UK house prices reached a fresh high of £235,000 on average in November 2019 as property values across Wales surged by nearly 8% year-on-year, official figures show.
The average UK house price in November 2019 was £5,000 higher than a year earlier, when it stood at around £230,000.
The Office for National Statistics (ONS), which released the figures with the Land Registry, said November’s average house price of £235,000 is a joint record high for the index, with the September 2019 level also being £235,000.
Annual house price growth accelerated in November to 2.2%, up from 1.3% in October.
— Office for National Statistics (@ONS) January 15, 2020
Average house prices increased over the year in England to £251,000 (a 1.7% annual increase), in Wales to £173,000 (7.8%), in Scotland to £155,000 (3.5%) and in Northern Ireland to £140,000 (4.0%).
In October 2019, annual house price growth in Wales stood at 3.6%.
The report said November’s 7.8% annual house price jump in Wales was driven by a shift towards higher-value homes changing hands in areas which tend to have high numbers of property sales, such as Cardiff and nearby Newport.
A fall in prices during the same period in 2018 also contributed.
Some commentators have previously suggested that the abolition of the Severn crossing tolls has boosted demand for homes in Wales, where house hunters may find better value compared with England.
Meanwhile, in England, annual house price growth in November was driven by the West Midlands (4.0%) and North West (3.8%).
The lowest annual growth rate was in the East of England, where prices fell by 0.7% year-on-year, followed by London which saw annual house price growth of 0.2%.
While house price growth in London was low, the area remains the UK’s most expensive place to purchase a property, at an average of £475,000.
ONS head of inflation Mike Hardie said: “Annual house price growth picked up, with all regions growing apart from the East of England.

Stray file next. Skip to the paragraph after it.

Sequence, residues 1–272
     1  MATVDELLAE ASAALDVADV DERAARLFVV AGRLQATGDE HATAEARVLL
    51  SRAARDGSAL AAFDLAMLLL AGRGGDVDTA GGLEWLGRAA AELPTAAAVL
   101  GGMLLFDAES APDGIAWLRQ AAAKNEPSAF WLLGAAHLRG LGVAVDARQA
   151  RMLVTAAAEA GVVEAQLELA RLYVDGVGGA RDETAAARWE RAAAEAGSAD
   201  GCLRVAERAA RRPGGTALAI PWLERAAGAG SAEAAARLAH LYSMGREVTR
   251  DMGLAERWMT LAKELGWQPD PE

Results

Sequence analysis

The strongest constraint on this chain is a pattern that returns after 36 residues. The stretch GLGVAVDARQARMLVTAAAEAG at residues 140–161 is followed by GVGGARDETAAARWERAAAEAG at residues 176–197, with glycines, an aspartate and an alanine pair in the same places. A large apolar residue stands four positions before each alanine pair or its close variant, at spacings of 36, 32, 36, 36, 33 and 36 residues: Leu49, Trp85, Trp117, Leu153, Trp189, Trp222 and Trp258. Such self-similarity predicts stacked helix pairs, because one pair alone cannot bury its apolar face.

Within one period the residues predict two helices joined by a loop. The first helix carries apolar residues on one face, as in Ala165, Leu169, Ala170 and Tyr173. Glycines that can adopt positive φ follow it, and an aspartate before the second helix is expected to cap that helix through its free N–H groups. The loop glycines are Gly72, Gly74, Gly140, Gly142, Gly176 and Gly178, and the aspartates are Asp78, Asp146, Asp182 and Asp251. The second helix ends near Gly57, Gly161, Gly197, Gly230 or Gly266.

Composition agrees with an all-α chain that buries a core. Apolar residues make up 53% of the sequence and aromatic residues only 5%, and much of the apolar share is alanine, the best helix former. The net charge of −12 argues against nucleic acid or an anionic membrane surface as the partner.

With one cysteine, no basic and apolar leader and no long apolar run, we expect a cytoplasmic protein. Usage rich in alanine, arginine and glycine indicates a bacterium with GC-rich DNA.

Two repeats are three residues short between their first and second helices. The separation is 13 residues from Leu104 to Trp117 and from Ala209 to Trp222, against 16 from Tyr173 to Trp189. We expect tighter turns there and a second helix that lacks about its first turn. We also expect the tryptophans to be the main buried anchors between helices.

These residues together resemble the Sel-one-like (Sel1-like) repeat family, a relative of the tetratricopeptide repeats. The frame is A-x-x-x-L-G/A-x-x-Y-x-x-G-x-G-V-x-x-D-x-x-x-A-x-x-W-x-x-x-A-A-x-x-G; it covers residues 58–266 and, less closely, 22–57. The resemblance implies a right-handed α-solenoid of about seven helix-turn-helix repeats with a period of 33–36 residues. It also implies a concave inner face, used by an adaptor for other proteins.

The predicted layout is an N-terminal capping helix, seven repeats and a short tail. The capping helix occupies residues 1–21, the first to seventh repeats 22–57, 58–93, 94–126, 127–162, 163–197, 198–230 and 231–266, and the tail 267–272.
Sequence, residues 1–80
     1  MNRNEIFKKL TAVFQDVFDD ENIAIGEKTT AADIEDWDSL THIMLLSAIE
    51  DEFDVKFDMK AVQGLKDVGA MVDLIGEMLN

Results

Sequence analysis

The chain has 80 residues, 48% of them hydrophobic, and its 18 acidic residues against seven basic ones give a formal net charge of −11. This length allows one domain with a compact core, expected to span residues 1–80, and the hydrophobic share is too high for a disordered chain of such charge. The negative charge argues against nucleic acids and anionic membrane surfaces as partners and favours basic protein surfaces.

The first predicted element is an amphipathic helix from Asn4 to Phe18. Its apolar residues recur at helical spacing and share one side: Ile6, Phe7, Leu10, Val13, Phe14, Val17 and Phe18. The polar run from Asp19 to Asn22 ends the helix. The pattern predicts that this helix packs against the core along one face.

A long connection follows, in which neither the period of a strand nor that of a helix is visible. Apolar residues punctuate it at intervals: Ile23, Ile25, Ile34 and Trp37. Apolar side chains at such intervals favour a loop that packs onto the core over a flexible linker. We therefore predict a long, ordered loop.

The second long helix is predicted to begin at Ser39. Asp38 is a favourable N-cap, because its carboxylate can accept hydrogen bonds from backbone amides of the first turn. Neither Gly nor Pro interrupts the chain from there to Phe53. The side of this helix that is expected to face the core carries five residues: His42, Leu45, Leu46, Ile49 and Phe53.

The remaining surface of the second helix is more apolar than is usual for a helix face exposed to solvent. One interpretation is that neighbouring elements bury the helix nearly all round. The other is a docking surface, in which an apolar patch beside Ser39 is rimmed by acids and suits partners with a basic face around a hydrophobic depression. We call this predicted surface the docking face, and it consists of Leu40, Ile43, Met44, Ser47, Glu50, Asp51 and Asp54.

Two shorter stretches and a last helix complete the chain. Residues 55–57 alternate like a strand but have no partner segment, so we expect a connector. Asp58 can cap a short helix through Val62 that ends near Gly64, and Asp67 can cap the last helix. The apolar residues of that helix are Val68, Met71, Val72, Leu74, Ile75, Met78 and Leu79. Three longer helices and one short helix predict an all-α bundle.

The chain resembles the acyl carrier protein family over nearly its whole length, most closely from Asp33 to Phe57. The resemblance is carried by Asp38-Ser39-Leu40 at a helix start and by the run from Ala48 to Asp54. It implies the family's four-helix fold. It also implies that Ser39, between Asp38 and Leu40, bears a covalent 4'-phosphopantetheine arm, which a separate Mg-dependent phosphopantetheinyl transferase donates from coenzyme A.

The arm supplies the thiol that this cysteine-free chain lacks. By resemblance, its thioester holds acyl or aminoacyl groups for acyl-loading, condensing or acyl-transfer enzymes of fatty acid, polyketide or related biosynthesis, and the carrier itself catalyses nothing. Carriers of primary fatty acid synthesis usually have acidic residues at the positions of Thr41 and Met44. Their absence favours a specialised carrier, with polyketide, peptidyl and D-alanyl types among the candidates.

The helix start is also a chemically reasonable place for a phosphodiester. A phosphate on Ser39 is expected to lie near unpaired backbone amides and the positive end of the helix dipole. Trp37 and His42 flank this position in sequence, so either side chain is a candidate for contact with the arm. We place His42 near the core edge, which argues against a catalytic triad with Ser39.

“After almost two years of poor growth, London house prices appear to be showing some signs of improvement.”
The North East, where the average house price is £131,000, is the only English region where property values are yet to surpass their pre-economic downturn peak of July 2007.
The figures were released as a separate report from trade association UK Finance said the number of mortgages being handed out to first-time buyers and home movers was down by around 10% in November 2019 compared with a year earlier.
UK Finance said 30,620 new first-time buyer mortgages were completed in November 2019, 10.5% fewer than in the same month in 2018.
There were 30,750 home mover mortgages completed in November 2019, 10.6% down on the same month a year earlier.
UK Finance said the fall came after particularly strong house purchase activity in November 2018.
Howard Archer, chief economic adviser at EY ITEM Club, said: “It is possible that house prices got a boost in November and December from some buyers keen to get their move done before the general election to avoid any shocks or uncertainties that could arise.”
Samuel Tombs, chief UK economist at Pantheon Macroeconomics, said that looking ahead, falling mortgage rates combined “with the reduction in domestic political uncertainty should ensure that house prices continue to climb over the coming months”.
Mark Harris, chief executive of mortgage broker SPF Private Clients, said of UK Finance’s mortgage lending figures: “Hopefully this is a blip and should pick up again as lenders remain extremely keen to lend, with plenty of mortgages at high loan-to-values and competitive rates.
“First-time buyers are the lifeblood of the market and their importance to its overall health shouldn’t be underestimated.”
Jeremy Leaf, a north London estate agent and a former residential chairman of the Royal Institution of Chartered Surveyors (Rics), said the ONS/Land Registry figures “confirm market resilience we have been seeing on the ground for some time, despite considerable political turmoil in the build-up to the election and Brexit uncertainty”.
Sam Mitchell, chief executive at online estate agent Housesimple, said: “November feels like a distant memory as already in 2020 we have seen a huge spike in activity after the political certainty of a decisive general election, bringing with it a positive impact on the housing market.
“As confidence returns to the market and the ‘Boris bounce’ boosts the sector, we should see this positivity feed through into further increasing transactions and price increases.
“Early indications from other house price data sources have already shown much-needed signs of growth, which will come as music to the ears of sellers looking to list in 2020.”